Articles by Matthew Gilligan
Many of you will be aware that the Government have changed the rules on gift duty, repealing gift duty legislation from 1 October 2011. The effect of this is that IRD will no longer have an interest in gifts made after this date, as the transference of wealth will no longer be subject to gift duty from this point.
The question then raises itself, should people who have a family trust who have been conducting a gifting programme make a lump sum gift to their family trust after this date? The answer to this question is not as obvious as it may seem. From an asset protection perspective clearly one would like to make a lump sum gift to their family trust for creditor protection in the future. If a person has gifted all of their assets to a trust, this means that they no longer have assets and in theory makes it much harder for creditors to get the assets from their family trust. Previous restrictions on gifting having been wiped away from a gift duty perspective would make it seem obvious that lump sum gifts to a trust would be the logical path to take from 1 October 2011.
Significant issue to consider before gifting
One significant issue to consider is your eligibility in the future for the residential care subsidy. The Ministry of Social Development (MSD) administer the asset and income testing rules. In particular, it is the MSD that determine how discretion in relation to adding back past gifting into the asset test is applied. Current policy of the MSD is that all gifts within 5 years of applying for the subsidy are added back, with the exception of an allowance on $6,000 per annum. In other words, if you gift all of your assets to a trust and then 1 year later require rest home care, the gifting will be added back and included in your asset base. The MSD can also reverse gifts outside the 5-year period, but at this point current policy is to only add back any gift in any year exceeding the sum of $27,000.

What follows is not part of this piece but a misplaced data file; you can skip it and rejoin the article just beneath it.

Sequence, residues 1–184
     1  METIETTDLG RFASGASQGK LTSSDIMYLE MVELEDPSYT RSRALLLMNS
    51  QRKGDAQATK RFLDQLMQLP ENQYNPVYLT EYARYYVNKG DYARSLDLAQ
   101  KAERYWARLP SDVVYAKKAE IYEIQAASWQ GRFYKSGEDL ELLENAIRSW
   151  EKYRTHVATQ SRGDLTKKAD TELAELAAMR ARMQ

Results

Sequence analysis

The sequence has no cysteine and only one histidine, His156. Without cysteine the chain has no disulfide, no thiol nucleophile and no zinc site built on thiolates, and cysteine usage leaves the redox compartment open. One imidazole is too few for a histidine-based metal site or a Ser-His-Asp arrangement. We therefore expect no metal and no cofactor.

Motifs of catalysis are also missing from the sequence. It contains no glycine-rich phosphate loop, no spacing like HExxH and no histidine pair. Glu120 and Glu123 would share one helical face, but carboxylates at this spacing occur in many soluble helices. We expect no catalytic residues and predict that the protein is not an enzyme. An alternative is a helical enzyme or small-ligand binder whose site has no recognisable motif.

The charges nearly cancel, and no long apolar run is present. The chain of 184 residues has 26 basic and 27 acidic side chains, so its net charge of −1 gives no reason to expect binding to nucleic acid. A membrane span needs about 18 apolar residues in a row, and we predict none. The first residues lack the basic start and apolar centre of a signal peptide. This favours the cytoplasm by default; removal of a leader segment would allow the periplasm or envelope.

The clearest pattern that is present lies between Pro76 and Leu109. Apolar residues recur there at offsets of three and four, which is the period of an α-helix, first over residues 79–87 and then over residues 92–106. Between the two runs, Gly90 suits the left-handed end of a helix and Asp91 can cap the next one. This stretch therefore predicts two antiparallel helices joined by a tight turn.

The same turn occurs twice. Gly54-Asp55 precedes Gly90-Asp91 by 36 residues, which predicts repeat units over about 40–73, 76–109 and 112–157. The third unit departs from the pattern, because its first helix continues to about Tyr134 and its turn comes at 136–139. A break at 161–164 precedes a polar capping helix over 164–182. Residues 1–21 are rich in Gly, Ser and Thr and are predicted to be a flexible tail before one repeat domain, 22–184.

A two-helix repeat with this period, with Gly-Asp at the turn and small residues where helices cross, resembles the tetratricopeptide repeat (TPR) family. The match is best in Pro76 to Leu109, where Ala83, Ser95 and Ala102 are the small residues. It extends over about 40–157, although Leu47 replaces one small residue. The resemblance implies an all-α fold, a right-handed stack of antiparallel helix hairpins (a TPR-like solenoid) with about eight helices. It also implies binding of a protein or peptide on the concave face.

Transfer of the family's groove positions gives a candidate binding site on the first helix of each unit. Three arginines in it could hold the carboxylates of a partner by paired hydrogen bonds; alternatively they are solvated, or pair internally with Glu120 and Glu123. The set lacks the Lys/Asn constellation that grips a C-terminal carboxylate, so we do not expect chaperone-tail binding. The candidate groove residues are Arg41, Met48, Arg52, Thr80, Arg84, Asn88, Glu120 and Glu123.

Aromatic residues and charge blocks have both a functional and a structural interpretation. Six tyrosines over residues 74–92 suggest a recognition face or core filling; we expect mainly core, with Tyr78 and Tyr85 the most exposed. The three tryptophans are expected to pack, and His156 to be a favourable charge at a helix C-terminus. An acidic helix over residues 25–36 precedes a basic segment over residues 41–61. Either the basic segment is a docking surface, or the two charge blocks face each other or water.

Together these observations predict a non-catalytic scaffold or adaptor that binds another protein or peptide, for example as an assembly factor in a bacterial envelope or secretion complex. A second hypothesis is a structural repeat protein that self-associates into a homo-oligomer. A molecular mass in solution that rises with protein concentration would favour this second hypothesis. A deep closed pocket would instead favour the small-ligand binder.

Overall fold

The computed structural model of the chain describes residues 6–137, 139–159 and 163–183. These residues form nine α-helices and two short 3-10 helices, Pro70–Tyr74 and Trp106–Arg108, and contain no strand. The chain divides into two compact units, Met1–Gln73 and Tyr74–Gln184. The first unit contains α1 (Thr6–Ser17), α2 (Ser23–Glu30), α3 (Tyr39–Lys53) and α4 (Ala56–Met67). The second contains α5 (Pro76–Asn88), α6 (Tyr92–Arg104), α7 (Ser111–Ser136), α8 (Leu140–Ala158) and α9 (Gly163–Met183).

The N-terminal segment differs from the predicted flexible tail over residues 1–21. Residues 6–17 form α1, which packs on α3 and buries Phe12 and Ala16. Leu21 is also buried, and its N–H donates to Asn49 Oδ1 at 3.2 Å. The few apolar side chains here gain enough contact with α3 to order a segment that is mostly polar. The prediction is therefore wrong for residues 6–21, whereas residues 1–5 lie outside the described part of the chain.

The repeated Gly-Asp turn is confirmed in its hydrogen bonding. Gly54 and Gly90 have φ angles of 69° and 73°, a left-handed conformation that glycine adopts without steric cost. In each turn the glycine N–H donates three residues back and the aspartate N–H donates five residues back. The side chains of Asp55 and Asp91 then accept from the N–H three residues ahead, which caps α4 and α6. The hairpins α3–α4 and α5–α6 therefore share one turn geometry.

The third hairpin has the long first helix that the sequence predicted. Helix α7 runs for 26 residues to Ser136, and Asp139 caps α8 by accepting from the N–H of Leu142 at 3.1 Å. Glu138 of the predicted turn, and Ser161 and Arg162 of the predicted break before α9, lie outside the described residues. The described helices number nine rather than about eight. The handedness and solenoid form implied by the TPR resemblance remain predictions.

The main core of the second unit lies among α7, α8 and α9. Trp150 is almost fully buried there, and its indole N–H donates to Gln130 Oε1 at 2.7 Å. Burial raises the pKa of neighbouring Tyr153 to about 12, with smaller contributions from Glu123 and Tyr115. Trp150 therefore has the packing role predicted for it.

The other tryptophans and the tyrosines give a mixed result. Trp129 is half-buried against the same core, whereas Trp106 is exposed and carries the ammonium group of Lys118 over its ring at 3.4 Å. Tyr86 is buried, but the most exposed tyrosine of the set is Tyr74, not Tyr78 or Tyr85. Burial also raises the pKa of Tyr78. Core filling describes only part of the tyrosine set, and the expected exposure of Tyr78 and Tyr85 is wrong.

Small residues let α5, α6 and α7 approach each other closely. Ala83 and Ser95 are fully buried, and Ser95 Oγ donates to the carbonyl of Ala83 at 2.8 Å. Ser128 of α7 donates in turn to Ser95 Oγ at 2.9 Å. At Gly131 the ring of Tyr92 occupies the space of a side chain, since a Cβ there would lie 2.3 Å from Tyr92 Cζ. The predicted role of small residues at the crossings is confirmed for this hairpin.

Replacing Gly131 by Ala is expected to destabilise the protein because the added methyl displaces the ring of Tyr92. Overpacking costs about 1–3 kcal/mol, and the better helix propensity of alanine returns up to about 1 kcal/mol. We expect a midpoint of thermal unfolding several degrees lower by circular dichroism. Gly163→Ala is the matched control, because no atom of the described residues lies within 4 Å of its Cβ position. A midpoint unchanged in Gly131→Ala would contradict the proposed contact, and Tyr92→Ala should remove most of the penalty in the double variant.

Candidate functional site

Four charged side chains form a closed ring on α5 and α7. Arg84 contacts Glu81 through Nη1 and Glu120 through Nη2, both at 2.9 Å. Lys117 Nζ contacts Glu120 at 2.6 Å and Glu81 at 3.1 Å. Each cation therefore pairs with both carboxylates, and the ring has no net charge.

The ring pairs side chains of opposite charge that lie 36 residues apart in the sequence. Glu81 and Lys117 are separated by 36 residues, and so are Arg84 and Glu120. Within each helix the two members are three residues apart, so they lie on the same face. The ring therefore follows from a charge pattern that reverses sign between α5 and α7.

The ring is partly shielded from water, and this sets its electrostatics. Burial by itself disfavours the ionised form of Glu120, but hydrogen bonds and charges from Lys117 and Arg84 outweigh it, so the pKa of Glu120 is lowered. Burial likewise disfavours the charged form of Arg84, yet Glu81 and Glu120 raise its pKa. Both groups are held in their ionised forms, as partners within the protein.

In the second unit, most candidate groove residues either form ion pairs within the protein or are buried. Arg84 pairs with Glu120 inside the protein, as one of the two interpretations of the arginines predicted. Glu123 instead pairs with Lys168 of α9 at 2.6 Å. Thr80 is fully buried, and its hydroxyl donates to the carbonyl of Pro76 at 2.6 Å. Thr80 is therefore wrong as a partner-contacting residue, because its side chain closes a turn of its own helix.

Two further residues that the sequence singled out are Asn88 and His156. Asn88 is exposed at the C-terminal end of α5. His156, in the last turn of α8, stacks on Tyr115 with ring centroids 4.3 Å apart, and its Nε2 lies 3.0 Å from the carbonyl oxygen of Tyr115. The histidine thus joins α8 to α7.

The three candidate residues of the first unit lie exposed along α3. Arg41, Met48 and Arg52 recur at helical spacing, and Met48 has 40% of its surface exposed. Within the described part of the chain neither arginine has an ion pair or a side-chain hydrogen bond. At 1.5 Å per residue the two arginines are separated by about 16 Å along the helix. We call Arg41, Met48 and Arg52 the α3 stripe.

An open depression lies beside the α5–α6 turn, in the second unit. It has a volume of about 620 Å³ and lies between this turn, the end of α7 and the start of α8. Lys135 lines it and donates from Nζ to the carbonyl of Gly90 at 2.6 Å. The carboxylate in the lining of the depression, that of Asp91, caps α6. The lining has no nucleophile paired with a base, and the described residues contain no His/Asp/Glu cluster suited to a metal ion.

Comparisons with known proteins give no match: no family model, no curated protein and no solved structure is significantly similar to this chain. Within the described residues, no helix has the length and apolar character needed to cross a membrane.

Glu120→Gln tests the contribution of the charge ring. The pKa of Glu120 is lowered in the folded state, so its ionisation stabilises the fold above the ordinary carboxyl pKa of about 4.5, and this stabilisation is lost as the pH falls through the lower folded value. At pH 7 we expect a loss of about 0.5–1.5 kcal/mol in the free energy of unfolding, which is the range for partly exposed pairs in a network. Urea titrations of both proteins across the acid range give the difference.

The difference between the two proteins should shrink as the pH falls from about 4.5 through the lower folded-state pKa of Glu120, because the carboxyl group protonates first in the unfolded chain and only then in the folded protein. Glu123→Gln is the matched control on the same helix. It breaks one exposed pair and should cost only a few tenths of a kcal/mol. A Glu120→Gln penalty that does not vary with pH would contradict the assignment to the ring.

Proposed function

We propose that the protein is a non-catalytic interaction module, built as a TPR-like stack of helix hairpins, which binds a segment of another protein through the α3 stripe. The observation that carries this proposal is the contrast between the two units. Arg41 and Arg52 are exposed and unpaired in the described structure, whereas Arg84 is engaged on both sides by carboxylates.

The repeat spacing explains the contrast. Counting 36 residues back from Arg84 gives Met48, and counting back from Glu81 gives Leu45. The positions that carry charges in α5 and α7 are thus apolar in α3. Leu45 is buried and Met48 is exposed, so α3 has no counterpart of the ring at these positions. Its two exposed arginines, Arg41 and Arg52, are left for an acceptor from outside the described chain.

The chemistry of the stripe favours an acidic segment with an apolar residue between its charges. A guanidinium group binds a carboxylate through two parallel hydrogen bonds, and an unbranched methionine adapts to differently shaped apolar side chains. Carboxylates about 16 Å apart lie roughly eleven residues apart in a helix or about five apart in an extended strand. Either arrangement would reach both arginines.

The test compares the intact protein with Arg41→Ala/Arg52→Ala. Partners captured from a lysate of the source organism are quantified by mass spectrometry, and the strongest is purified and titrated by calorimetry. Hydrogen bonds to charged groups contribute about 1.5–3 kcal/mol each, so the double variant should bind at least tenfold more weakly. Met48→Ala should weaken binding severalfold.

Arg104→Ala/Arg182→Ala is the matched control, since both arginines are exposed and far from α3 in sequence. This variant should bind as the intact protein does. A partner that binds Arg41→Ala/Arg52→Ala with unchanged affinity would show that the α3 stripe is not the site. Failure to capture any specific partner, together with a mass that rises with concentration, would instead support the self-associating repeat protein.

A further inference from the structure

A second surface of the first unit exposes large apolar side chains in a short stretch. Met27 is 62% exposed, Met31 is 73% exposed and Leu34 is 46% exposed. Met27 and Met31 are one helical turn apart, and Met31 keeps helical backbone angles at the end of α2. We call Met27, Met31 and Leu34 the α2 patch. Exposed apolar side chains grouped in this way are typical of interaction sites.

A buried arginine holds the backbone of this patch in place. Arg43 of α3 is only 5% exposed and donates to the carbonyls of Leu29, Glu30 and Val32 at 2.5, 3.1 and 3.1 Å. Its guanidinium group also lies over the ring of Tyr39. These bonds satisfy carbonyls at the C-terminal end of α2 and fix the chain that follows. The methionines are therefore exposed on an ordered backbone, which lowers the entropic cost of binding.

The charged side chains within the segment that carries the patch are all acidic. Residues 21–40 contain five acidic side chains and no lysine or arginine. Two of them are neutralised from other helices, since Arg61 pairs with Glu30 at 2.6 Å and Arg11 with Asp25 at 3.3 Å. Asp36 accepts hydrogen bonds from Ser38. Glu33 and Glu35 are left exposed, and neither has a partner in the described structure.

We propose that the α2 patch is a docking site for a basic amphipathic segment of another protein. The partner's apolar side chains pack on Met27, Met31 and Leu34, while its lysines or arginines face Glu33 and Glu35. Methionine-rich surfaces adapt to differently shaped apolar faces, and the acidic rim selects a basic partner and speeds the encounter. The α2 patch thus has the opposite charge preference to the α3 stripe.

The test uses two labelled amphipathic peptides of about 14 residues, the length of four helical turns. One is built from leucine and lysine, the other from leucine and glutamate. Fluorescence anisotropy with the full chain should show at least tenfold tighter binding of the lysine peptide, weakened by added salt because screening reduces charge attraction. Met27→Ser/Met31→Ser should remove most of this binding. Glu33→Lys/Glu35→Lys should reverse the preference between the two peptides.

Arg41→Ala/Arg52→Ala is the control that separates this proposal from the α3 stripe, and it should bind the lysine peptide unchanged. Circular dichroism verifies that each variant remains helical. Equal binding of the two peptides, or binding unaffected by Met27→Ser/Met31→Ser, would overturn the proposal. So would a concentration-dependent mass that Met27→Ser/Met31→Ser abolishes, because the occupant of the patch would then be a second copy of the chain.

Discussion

For example, let us look at an individual who had an outstanding loan balance from their family trust of $500,000 and on 1 October 2011 declared a gift to their trustees for the $500,000 as a one-off gift. While IRD would have no interest in such gift and it would not be taxable under gift duty legislation thereafter abolished, the MSD perhaps 40 years later (or whenever it was that the person making the gift made application for the residential care subsidy on the basis that they had no wealth at that time because all of their assets were contained in trust) would look back and say that on 1 October 2011, the applicant had made a gift in excess of $27,000 and add back $473,000 to the applicant's personal asset base. In other words while the $27,000 gifting threshold is no longer relevant to IRD, it is still highly relevant in relation to your ability to claim aged care subsidy relief in the future. In this case, the $473,000 deemed available to pay rest home fees. On the other hand, the $473,000 would not be available for aged care fees had the person continued to gift at a rate $27,000 per annum. In this instance, each year there would be no gift over $27,000 so no excess to add back.